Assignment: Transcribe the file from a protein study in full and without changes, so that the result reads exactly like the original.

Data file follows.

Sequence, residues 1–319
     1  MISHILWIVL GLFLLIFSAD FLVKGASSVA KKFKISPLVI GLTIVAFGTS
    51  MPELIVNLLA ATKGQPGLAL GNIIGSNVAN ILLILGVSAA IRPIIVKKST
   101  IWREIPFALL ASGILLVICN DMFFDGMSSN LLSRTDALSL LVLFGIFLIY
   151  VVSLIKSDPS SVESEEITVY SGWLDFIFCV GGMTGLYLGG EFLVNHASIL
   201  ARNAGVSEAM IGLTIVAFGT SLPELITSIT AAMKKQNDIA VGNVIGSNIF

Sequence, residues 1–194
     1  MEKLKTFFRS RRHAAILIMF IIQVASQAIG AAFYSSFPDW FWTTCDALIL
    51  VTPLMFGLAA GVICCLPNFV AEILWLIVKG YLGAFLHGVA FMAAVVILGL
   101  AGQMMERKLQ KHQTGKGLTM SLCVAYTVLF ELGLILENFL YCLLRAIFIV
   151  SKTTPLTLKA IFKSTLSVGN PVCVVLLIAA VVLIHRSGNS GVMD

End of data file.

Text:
Sequence, residues 1–319
     1  MISHILWIVL GLFLLIFSAD FLVKGASSVA KKFKISPLVI GLTIVAFGTS
    51  MPELIVNLLA ATKGQPGLAL GNIIGSNVAN ILLILGVSAA IRPIIVKKST
   101  IWREIPFALL ASGILLVICN DMFFDGMSSN LLSRTDALSL LVLFGIFLIY
   151  VVSLIKSDPS SVESEEITVY SGWLDFIFCV GGMTGLYLGG EFLVNHASIL
   201  ARNAGVSEAM IGLTIVAFGT SLPELITSIT AAMKKQNDIA VGNVIGSNIF

Sequence, residues 1–194
     1  MEKLKTFFRS RRHAAILIMF IIQVASQAIG AAFYSSFPDW FWTTCDALIL
    51  VTPLMFGLAA GVICCLPNFV AEILWLIVKG YLGAFLHGVA FMAAVVILGL
   101  AGQMMERKLQ KHQTGKGLTM SLCVAYTVLF ELGLILENFL YCLLRAIFIV
   151  SKTTPLTLKA IFKSTLSVGN PVCVVLLIAA VVLIHRSGNS GVMD